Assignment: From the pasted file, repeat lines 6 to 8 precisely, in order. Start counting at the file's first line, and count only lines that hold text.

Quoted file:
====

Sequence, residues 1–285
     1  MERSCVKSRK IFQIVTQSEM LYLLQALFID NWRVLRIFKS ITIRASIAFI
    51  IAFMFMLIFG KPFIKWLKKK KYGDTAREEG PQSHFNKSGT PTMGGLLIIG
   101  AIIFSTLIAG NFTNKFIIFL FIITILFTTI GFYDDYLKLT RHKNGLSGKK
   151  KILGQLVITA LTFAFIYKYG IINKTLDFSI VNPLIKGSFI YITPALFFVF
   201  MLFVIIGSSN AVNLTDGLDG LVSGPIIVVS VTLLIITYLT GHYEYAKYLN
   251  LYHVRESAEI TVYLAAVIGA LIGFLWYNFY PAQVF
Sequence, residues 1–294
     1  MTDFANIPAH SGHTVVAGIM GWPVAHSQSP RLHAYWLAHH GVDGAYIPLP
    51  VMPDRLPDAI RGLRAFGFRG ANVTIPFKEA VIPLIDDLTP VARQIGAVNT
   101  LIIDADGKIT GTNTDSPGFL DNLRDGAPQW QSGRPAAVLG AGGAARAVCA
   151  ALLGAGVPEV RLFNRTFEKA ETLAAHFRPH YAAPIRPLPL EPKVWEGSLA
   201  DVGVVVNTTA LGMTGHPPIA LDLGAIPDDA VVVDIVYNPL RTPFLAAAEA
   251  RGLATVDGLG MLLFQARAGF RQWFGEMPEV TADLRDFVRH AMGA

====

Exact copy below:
   201  MLFVIIGSSN AVNLTDGLDG LVSGPIIVVS VTLLIITYLT GHYEYAKYLN
   251  LYHVRESAEI TVYLAAVIGA LIGFLWYNFY PAQVF
Sequence, residues 1–294